Lauren Krugel, The Canadian Press


Like us on Facebook and follow us on Twitter.

Get local stories you won't find anywhere else right to your inbox.
Sign up here

Just Posted

Vancouver Island University. (File photo)
Province announces funding for VIU to train mental health workers

Provincial government says pandemic has intensified need for mental health supports

The City of Nanaimo’s Community Services Building at 285 Prideaux St., where the 7-10 Club is located, will host a warming centre seven days a week through March 31. (City of Nanaimo photo)
Warming centres for people experiencing homelessness open today in Nanaimo

City of Nanaimo and social agencies partnering on Wallace and Prideaux locations

Terry David Mulligan. (Submitted photo)
AUDIO: Interview with broadcaster and Island resident Terry David Mulligan

PQBeat podcast asks Nanoose Bay resident about radio and TV career, wine and more

Paige Karczynski is the new executive director of Nanaimo Community Hospice Society. (Photo submitted)
New executive director leading Nanaimo hospice at a time when grief counselling is greatly needed

Paige Karczynski takes over as Nanaimo Community Hospice Society begins its 40th year

Provincial health officer Dr. Bonnie Henry prepares a daily update on the coronavirus pandemic, April 21, 2020. (B.C. Government)
B.C. adjusts COVID-19 vaccine rollout for delivery slowdown

Daily cases decline over weekend, 31 more deaths

A female prisoner sent Langford police officers a thank-you card after she spent days in their custody. (Twitter/West Shore RCMP)
Woman gives Victoria-area jail 4.5-star review in handwritten card to police after arrest

‘We don’t often get thank you cards from people who stay with us, but this was sure nice to see’: RCMP

An elk got his antlers caught up in a zip line in Youbou over the weekend. (Conservation Officer Service Photo)
Elk rescued from zip line in Youbou on Vancouver Island

Officials urge people to manage items on their property that can hurt animals

Emma Nunn from Alberni Valley Rescue Squad waits at the summit of Mount Arrowsmith for the rest of the AVRS rope rescue team on Sunday, Jan. 17, 2021. (PHOTO COURTESY DAVE POULSEN, AVRS)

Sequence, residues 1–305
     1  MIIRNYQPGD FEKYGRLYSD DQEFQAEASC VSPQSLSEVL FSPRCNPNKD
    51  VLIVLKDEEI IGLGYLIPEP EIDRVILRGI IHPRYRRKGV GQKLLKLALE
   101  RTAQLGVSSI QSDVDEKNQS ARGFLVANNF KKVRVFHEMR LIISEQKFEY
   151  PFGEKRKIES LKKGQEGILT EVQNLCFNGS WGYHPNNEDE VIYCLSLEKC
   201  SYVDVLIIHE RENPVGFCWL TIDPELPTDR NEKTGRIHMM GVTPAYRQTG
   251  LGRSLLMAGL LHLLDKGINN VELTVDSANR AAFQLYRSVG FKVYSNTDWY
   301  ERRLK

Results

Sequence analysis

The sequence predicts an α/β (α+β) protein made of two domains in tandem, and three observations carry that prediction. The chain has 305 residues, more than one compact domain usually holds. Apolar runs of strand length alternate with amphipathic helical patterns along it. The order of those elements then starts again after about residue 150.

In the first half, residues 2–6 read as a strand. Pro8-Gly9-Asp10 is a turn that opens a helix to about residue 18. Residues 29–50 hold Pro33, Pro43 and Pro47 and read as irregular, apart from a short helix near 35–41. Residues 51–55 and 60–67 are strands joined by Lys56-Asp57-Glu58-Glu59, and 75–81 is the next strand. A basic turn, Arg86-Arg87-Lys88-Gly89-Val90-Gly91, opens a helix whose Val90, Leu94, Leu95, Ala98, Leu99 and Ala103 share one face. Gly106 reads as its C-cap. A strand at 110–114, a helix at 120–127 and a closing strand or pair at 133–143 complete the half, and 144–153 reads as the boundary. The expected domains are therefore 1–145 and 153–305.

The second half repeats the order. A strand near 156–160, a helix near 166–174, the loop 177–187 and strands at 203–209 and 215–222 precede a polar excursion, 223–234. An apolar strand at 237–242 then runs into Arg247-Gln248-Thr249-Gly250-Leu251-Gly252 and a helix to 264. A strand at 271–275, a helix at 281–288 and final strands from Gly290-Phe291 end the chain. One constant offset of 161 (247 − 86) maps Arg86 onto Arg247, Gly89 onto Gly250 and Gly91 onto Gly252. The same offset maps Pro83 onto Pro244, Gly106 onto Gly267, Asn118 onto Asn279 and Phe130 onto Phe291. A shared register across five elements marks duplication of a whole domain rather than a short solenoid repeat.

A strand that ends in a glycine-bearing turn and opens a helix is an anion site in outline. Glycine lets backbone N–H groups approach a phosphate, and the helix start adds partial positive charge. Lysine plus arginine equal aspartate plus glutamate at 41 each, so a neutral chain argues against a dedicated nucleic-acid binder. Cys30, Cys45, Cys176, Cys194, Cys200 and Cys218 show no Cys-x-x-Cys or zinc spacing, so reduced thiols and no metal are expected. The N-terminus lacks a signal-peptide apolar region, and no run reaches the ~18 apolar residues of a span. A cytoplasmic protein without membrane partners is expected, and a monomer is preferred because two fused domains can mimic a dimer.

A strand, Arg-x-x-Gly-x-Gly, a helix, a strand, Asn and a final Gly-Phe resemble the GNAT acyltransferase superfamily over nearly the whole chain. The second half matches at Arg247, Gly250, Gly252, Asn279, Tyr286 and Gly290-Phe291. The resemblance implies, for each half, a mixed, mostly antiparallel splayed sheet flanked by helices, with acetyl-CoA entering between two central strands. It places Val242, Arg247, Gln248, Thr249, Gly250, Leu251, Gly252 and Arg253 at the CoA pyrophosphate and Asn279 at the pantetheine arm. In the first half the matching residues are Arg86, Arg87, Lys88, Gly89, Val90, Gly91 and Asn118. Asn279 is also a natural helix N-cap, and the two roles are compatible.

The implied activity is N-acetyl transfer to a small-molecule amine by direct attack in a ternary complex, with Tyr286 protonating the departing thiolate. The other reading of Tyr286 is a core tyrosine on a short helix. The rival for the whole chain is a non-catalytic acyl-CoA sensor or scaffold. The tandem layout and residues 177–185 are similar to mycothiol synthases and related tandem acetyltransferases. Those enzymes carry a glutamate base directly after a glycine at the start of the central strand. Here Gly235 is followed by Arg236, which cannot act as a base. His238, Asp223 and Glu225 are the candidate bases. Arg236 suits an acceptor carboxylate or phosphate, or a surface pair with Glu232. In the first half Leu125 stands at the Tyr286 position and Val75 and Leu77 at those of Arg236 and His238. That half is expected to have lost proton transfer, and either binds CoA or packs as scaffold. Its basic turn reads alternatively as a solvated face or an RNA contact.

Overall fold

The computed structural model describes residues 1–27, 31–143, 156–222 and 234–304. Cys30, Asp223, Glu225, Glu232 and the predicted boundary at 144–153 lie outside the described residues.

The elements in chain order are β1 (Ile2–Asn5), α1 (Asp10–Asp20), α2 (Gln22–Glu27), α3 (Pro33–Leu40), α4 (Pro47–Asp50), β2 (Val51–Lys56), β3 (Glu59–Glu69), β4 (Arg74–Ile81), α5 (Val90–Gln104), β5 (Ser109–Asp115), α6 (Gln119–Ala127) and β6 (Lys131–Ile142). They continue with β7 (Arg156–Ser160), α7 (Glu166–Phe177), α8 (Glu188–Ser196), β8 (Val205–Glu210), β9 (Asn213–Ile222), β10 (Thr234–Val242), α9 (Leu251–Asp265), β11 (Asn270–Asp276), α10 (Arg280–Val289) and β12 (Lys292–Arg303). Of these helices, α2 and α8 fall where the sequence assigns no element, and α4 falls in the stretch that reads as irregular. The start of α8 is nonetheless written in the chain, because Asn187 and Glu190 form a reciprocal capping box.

UPDATE: Injured hiker among three rescued in the dark from Mount Arrowsmith

‘It was a very bad, very precarious spot to be able to locate them’

A still from surveillance footage showing a confrontation in the entranceway at Dolly’s Gym on Nicol Street on Friday morning. (Image submitted)
Troublemaker in Nanaimo fails at fraud attempt, slams door on business owner’s foot

VIDEO: Incident happened at Dolly’s Gym on Nicol Street on Friday morning

A Trail man has a lucky tin for a keepsake after it saved him from a stabbing last week. File photo
Small tin in Kootenay man’s jacket pocket saved him from stabbing: RCMP

The man was uninjured thanks to a tin in his jacket

Tla-o-qui-aht First Nation Chantel Moore, 26, was fatally shot by a police officer during a wellness check in the early morning of June 4, 2020, in Edmundston, N.B. (Facebook)
Frustrated family denied access to B.C. Indigenous woman’s police shooting report

Independent investigation into B.C. woman’s fatal shooting in New Brunswick filed to Crown

Delta Police Constable Jason Martens and Dezi, a nine-year-old German Shepherd that recently retired after 10 years with Delta Police. (Photo submitted)
Dezi, a Delta police dog, retires on a high note after decade of service

Nine-year-old German Shepherd now fights over toys instead of chasing down bad guys

Nurses collect samples from a patient in a COVID suspect room in the COVID-19 intensive care unit at St. Paul’s hospital in downtown Vancouver, Tuesday, April 21, 2020. (THE CANADIAN PRESS/Jonathan Hayward)
5 British Columbians under 20 years old battled COVID-19 in ICU in recent weeks

Overall hospitalizations have fallen but young people battling the virus in hospital has increased

Most Read